Thursday, May 2, 2024

DOL cautions employers on the use of AI

"When used responsibly, AI has the potential to help improve compliance with the law. Without proper human supervision, however, these technologies can pose potential risks to workers … and may result in violations of the law…." 

Those are the words of the Department of Labor in its just published Field Assistance Bulletin, Artificial Intelligence and Automated Systems in the Workplace under the Fair Labor Standards Act and Other Federal Labor Standards.

The DOL highlights many potential legal pitfalls for employers that rely on AI to manage how their employees are paid and to track their attendance and leaves of absence.

For example, under the FLSA, AI that use keystrokes, mouse clicks, eye and other body movements, internet browsing, or other activity to measure productivity are not determinative of whether an employee is performing “hours worked” and could result in underpayments.

Under the FMLA, AI that automatically denies an FMLA leave when an employee fails to submit a medical certification within the designated timeframe violates the statue by failing to take into account exigent circumstances that would have justified the delay and allowed for extra time.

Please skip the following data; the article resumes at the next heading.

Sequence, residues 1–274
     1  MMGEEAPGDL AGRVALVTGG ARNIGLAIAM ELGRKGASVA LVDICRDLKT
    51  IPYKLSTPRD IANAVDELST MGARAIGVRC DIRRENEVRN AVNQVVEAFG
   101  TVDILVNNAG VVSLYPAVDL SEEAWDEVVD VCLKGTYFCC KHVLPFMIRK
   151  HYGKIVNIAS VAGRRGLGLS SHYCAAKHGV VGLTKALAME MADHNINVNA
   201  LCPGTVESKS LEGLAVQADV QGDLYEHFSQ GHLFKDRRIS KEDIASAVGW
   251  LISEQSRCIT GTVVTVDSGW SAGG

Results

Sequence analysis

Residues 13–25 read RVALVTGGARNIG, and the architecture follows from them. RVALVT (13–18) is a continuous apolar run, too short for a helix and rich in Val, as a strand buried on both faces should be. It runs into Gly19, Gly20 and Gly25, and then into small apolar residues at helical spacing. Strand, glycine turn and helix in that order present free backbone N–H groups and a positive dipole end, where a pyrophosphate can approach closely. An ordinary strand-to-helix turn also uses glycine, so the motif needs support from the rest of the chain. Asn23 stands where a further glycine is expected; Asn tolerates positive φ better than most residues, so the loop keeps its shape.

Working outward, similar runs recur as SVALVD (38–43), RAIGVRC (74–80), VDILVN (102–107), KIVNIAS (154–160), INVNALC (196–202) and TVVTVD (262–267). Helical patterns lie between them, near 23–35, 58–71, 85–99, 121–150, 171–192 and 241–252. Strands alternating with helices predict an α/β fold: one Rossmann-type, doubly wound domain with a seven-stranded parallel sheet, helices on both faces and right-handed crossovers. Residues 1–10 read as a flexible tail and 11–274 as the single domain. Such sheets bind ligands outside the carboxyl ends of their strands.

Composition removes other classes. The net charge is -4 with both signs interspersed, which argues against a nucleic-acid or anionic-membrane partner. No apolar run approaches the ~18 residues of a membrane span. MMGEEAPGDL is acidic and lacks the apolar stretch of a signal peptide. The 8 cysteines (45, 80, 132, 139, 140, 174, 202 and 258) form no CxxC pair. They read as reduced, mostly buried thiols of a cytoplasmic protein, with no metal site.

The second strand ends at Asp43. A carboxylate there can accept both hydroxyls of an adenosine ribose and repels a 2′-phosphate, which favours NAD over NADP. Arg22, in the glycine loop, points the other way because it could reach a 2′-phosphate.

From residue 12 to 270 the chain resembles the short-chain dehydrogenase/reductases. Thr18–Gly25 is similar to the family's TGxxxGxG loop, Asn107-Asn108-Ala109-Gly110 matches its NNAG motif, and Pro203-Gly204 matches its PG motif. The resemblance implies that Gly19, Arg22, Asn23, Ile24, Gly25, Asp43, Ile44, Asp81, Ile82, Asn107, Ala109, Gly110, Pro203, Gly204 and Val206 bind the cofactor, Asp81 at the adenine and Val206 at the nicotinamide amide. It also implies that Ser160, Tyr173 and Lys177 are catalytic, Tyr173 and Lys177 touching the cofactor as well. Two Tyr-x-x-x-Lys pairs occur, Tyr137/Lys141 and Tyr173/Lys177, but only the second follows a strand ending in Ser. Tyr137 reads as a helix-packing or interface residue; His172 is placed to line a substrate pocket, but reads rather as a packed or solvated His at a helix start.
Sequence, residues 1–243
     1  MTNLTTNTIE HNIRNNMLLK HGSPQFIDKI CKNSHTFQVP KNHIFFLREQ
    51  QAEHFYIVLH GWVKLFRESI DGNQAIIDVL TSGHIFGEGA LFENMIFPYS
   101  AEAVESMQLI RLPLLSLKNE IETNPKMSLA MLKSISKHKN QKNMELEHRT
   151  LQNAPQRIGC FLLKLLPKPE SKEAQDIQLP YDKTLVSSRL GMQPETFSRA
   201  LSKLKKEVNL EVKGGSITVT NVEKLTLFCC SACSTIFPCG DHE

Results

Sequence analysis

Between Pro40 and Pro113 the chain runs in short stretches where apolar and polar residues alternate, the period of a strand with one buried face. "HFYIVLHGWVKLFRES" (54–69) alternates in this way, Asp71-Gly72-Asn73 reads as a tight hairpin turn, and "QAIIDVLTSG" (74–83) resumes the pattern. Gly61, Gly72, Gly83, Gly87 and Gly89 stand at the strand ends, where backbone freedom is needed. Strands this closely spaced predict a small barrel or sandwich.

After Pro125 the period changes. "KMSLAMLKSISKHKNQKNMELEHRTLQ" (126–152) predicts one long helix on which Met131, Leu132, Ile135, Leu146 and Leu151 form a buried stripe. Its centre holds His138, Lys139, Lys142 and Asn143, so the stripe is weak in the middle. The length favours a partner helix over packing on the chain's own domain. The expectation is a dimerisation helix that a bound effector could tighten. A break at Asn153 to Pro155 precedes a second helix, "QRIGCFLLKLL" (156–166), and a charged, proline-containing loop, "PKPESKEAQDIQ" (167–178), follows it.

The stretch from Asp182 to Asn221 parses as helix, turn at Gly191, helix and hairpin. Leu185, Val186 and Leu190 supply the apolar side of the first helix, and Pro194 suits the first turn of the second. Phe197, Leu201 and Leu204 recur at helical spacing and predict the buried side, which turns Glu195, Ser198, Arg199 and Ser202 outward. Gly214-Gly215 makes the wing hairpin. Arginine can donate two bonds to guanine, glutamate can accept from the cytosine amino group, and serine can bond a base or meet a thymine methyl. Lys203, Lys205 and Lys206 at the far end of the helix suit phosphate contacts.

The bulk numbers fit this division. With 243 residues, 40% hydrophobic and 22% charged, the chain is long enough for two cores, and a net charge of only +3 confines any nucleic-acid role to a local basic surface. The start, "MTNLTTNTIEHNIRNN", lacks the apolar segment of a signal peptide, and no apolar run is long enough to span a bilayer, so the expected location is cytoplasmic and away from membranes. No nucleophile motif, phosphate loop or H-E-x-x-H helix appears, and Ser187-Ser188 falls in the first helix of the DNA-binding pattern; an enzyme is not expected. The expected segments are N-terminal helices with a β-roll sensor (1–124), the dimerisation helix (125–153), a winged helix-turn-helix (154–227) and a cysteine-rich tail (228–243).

Under the PUMP Act, an AI that requires a nursing employee to adhere to a strict break schedule an automatically penalizes her for deviations from that schedule would violate the Act.

The FAB is full of other examples under these and other statutes. The larger point is that AI is a tool, and tool is only as effective as the person using it. Without human oversight, this tool has the potential create all kinds of legal problems for employers, including under the FLSA and FMLA, as the DOL correctly highlights in its FAB. I'm not saying don't use AI for your employees' wage, hour, and leave issues, but I am saying do so with caution and with sufficient human oversight to ensure legal compliance.